PEOPLE IN MORAY are already well aware of the quality food and drink being produced in their part of Scotland – but a community leader is now doing all he can to ensure that the rest of the country are also made aware of the fact.
After a successful business career developing Lossie Seafoods, a leisurely retirement would have been well deserved for John Cowe.
He had other ideas however – and after winning a Council by-election (beating this writer into second place and so, in a way, is responsible for insideMoray as well), John immediately settled into the demanding economic development role at the local authority.
And if that was not enough, he also took on the role as Chairman of the Moray Economic Partnership (MEP) – and from time to time is a contributor to the Scotsman newspaper.
It was in the latter role this week that Councillor Cowe used his influence to point out to the rest of the nation just what it is that Moray is providing on a regular basis.
Taking a wee swipe at the Scottish Government’s prevarication over improvements to the A95 – the main artery linking Moray with the south – John ventured on just how much Scotland is gaining from the millions of pounds worth of goods regularly exported down that road.
And from a region that, he correctly pointed out, most Scots “could not even point to on a map”.
“In 2014, Scottish food exports passed the £1.1billion mark for the first time, with total food and drink exports valued at £5.1 billion,” John said, adding: “Moray makes a vital contribution to that overall figure, as I have discovered in my travels round the region as chairman of the MEP.
“When I meet people – here and abroad – I confidently tell them they will have consumed something from Moray in the past year. Most look at me sceptically, particularly as many of them have never heard of Moray – but once I start to tell them about our fantastic products they usually accept I have a point.”
Whisky of course is the biggest player in the Moray food and drink production line – but it is not, by any means, the only export from our region that is being admired and consumed around the UK and beyond.
“As well as 22million litres of whisky there are growing volumes of local beer travelling down that same road, crafted using the same natural products which make our whisky so special,” John said, pointing a proud finger firmly in the direction of the likes of the Speyside Craft Brewery, Windswept Brewers and the Spey Valley Brewery who have all grown from nothing to prize-winning productions in just a few years.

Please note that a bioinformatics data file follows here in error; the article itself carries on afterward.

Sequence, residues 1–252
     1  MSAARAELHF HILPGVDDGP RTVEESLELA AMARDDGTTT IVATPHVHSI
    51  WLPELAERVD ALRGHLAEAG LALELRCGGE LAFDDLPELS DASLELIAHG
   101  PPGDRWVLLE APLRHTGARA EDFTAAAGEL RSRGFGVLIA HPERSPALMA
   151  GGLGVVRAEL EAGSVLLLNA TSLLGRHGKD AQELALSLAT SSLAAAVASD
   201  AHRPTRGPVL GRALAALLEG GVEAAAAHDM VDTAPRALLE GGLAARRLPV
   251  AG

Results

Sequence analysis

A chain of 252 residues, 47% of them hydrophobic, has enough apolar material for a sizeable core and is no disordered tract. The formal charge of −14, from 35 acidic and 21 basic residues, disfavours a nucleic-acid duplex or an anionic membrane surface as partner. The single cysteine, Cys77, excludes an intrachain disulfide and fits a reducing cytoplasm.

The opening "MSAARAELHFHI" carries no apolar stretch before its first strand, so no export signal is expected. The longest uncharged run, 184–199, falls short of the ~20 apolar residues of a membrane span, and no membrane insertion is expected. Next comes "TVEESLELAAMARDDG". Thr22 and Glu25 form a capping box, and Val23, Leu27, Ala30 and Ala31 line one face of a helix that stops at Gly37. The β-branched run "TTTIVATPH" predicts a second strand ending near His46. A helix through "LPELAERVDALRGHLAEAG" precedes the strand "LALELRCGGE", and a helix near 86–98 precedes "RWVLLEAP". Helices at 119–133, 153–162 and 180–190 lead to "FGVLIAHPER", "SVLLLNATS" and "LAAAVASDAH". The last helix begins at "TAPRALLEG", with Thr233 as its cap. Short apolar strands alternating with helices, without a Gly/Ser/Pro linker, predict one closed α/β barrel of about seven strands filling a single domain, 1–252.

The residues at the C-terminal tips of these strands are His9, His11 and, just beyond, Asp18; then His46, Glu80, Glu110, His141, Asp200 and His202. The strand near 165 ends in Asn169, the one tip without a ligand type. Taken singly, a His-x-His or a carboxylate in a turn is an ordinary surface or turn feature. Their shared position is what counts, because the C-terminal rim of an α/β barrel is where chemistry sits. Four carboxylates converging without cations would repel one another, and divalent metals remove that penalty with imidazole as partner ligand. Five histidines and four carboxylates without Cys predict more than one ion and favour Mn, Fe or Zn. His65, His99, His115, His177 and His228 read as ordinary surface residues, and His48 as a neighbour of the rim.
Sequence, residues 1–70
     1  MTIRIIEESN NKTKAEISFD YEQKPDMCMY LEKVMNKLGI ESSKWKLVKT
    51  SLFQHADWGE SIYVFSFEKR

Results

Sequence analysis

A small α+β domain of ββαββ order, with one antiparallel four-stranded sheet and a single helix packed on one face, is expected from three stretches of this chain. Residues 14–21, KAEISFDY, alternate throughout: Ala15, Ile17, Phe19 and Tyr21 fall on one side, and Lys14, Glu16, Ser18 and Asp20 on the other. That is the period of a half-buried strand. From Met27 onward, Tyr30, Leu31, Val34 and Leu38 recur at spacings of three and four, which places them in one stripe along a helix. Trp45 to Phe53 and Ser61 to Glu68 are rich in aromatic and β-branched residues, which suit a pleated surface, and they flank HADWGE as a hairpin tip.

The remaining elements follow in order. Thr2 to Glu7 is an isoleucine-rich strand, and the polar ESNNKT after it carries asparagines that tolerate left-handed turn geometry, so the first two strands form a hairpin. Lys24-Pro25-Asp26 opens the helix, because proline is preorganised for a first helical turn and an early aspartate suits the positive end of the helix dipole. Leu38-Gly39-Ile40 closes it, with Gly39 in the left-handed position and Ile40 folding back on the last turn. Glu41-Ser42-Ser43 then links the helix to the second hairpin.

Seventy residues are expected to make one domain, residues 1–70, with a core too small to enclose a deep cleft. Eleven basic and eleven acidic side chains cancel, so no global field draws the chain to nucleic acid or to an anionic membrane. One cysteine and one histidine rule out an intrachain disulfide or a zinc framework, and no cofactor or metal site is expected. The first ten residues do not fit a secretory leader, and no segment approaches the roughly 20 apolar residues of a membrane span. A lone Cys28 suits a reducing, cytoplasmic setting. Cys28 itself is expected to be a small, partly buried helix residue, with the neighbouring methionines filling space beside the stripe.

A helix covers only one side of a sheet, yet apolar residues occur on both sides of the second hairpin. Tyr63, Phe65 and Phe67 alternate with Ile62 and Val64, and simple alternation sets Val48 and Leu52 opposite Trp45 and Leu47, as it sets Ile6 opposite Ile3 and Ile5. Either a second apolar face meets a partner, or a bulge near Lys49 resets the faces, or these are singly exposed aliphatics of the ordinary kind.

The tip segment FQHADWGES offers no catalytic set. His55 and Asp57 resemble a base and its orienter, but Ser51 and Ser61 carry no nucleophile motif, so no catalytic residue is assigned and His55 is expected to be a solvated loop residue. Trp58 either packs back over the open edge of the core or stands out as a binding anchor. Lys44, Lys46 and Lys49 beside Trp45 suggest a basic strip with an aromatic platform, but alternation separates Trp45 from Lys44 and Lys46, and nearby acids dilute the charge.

It is not all about strong drink, of course – not by any stretch: “Baxters and Walkers, two of our largest food producers, have a worldwide reputation – and sitting alongside these flagship companies we have hundreds of smaller companies manufacturing a wide range of products.
“Sit down for dinner and we could well have provided everything you eat – some of the finest smoked salmon in Scotland, for a starter. Move on to a fantastic rib roast of beef reared on some of the best grass pasture in the country.
“Fancy ice cream for dessert? We’ve got a wealth of ice cream makers from the traditional manufacturers such as Miele’s of Hopeman to the newer kids on the block such as Great Taste Award winners, the Fochabers Ice Cream Parlour.”
Cllr Cowe is rightly proud, as we should all be, in Moray’s often understated international reputation for excellence – and there is a determination for that to continue: “We’re determined to continue to build on that and it’s particularly exciting to see new businesses capitalising on our reputation.
“The A95 heading south from Elgin is not simply the whisky road, it’s also the shortbread road, soup road, craft beer road, even an ice cream road.
“People may initially be sceptical about my claim they will have consumed something from Moray in the past year, but few disagree once I tell them a little more about the fabulous part of the world I am proud to call home.
“My next task is to ensure they can point to us on that map.”